Retired four-star U.S. general Lloyd Austin has made history Friday by becoming America's first Black secretary of defense.
President Biden's nomination of Austin, who retired from the Army in 2016 after 41 years of service, was confirmed by the Senate in a 93-2 vote. Austin has had a long-standing relationship with Biden as he served as commander of U.S. and coalition forces in Iraq during President Obama’s first term in office. But Austin’s path to secretary of defense had been met with opposition from within Biden’s own Democratic Party over concerns about installing a military figure in a position traditionally reserved for civilians.
"It’s an honor and a privilege to serve as our country’s 28th Secretary of Defense, and I’m especially proud to be the first African American to hold the position," Austin tweeted Friday. "Let’s get to work."
Congress on Thursday approved a waiver for Austin to serve in the civilian position. Under law, a retired service member must be out of the military for seven years in order to be named defense secretary.
Although many previous defense secretaries have served briefly in the military, only two before Austin -- George C. Marshall and James Mattis -- have been career officers.
That measure passed the Senate by a 69-27 vote, but in the House – where it also passed 326-78, the members of "The Squad" and Iraq War veteran Seth Moulton were among the prominent Democrats to object.
"Civilian control of the military is fundamental to our democracy so I don’t think this is the time to make an exception," Moulton, of Massachusetts, told Politico in December while explaining his stance. "Almost by definition a recently retired general is by all intents and purposes thinking like a general."
Biden and Austin have worked together in the past. Biden, as vice president in the Obama administration, worked with Austin when the general was commander of U.S. forces in Iraq and later as commander of U.S. Central Command from 2013 to 2016.
"I’ve seen him lead American fighting forces on the field of battle. I’ve also watched him faithfully carry out the orders of the civilian leadership of this nation," Biden has said. "I know this man. I know his respect for our Constitution. I know his respect for our system of government."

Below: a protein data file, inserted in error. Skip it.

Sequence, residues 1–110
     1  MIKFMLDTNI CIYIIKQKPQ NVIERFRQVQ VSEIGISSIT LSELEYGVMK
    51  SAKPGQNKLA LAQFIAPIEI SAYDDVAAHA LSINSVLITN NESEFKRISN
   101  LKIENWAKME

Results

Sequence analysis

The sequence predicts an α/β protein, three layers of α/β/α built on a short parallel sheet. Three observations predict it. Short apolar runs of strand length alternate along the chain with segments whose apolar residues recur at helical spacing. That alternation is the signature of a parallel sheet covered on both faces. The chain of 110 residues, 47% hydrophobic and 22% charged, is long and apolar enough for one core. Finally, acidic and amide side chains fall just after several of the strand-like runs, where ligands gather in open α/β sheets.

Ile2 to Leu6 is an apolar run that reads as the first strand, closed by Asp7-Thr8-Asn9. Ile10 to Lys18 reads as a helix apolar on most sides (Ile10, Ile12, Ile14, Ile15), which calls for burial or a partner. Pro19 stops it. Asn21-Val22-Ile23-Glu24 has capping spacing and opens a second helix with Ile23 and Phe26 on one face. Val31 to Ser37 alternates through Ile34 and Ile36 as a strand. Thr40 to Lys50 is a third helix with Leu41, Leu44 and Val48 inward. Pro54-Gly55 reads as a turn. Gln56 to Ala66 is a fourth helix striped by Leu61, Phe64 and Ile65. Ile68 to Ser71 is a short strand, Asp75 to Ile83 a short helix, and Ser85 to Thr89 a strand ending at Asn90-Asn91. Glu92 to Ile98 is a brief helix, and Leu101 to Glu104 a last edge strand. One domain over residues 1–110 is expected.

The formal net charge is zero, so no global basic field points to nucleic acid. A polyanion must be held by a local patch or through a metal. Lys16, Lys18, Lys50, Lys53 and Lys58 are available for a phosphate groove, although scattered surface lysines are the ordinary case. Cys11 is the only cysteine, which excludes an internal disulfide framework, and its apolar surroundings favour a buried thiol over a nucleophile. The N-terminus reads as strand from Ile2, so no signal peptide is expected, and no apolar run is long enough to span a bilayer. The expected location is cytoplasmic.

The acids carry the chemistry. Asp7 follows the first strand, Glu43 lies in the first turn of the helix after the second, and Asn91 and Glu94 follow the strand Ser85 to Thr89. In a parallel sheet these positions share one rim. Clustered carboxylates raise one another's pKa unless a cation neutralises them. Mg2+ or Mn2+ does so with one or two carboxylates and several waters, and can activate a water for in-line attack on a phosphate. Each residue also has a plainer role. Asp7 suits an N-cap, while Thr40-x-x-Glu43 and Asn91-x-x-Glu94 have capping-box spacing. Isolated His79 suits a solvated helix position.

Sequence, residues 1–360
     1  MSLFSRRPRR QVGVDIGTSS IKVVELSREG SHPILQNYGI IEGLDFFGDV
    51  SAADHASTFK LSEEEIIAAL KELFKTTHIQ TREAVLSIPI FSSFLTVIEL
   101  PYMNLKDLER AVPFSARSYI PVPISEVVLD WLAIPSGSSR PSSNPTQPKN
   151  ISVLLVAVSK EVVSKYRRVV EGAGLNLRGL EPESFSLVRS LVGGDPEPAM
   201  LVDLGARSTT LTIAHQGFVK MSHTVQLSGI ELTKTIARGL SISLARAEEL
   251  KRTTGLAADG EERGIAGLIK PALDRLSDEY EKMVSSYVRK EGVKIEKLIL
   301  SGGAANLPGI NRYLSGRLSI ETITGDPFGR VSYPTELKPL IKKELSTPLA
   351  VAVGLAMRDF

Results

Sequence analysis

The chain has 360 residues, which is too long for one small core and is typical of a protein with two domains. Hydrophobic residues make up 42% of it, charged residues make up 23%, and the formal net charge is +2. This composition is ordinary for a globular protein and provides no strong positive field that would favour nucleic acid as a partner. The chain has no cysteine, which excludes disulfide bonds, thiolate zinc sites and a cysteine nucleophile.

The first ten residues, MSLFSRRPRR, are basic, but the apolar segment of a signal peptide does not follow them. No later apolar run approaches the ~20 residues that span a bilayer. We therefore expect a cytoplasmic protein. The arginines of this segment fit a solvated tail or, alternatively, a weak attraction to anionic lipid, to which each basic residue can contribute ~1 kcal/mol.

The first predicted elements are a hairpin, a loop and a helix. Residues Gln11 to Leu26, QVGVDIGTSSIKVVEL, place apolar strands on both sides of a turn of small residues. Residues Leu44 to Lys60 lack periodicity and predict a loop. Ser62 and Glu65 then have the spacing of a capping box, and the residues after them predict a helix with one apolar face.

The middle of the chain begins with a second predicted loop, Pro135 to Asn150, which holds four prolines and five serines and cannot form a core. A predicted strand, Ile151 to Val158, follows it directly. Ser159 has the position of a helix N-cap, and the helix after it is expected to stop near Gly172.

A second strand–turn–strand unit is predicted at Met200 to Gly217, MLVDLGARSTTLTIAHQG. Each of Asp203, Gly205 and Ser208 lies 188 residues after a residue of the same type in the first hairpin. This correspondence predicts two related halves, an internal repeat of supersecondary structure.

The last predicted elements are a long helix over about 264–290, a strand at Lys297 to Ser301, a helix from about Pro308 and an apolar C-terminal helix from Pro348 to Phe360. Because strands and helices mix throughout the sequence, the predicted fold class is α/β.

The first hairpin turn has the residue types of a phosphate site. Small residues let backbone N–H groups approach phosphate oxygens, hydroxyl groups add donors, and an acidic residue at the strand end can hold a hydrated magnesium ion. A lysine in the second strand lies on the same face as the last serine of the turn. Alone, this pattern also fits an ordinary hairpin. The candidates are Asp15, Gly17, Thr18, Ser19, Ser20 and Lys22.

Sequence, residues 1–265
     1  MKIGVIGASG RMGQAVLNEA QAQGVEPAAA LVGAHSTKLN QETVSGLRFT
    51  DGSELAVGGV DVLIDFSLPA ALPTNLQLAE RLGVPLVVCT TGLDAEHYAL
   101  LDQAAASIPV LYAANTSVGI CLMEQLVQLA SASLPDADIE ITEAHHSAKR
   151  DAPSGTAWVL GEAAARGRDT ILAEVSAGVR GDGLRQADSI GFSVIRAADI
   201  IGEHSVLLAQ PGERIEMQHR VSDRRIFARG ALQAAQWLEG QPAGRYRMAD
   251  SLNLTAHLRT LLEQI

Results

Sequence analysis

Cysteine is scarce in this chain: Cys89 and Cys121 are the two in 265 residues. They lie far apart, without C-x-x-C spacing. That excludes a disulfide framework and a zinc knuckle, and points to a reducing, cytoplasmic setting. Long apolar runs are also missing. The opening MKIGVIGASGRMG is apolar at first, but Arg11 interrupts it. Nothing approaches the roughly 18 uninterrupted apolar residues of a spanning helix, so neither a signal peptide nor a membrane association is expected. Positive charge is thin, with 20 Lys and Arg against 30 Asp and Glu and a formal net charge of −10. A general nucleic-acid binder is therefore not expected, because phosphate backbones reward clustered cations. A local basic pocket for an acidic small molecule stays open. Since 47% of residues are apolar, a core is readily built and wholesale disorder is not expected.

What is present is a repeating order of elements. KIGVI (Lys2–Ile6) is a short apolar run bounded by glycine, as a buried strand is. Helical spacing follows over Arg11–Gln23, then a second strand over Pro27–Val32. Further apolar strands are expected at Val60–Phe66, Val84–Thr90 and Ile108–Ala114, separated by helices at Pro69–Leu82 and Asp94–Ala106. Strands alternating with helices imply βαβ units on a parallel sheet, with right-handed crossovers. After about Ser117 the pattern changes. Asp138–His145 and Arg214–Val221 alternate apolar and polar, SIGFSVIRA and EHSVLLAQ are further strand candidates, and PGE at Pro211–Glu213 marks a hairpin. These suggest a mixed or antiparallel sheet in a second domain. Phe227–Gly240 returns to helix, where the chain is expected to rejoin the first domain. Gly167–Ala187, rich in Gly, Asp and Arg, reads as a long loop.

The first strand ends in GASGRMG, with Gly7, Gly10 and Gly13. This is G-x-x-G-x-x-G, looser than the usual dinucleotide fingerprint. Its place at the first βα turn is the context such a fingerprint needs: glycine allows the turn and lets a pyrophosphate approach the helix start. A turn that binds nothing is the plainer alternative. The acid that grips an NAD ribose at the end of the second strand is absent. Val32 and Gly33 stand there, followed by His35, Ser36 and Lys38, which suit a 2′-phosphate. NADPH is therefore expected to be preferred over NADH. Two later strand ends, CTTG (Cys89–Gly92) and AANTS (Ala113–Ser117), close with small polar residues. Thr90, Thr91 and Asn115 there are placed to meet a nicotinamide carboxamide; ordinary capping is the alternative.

Austin was involved in the Iraq War from start to finish. He served as an assistant commander of the 3rd Infantry Division during the invasion of Iraq in March 2003 and oversaw the withdrawal in 2011. When Austin retired in 2016, Obama praised his "character and competence," as well as his judgment and leadership.
Austin also served in 2012 as the first Black vice chief of staff of the Army, the service's No. 2-ranking position. A year later he assumed command of U.S. Central Command, where he fashioned and began implementing a U.S. military strategy for fighting Islamic State militants in Iraq and Syria.
And like many retired generals, Austin has served on corporate boards. He is a member of the board of directors of Raytheon Technologies, a prominent U.S. defense contractor -- but said during his confirmation hearing he would recuse himself from defense matters involving Raytheon Technologies for four years.
Austin, from Thomasville, Ga., is a 1975 graduate of the U.S. Military Academy at West Point. He holds master's degrees in education and business management from Auburn University and Webster University, respectively, according to his biography on the Department of Defense website.
Throughout Austin’s military career he has been awarded the Defense Distinguished Service Medal, the Silver Star and Army Commendation Medal, amongst other recognitions, it adds.
Though Biden applauded Austin’s ability to lead troops from Iraq, a fellow military man, the late Sen. John McCain, R-Ariz., did not agree with Austin’s recommendation on how to handle Syria in an infamous 2015 hearing on combating ISIS.
"Basically general, what you’re telling us is everything if fine as we see hundreds of thousands of refugees leave and flood Europe as we’re seeing now – 250,000 Syrians slaughtered," McCain said to Austin after the USCENTCOM Commander said he would not recommend a "buffer zone" to allow the Syrian refuges to escape to, as it would require U.S. forces.
"I’ve never seen a hearing that is as divorced from the reality of every outside expert in what you are saying," the late senator said during an awkward moment as the general looked on at the Senate Armed Services Committee chair.
Fox News’ Marisa Schultz, Thomas Barrabi, Paul Steinhauser, Caitlin McFall and the Associated Press contributed to this report.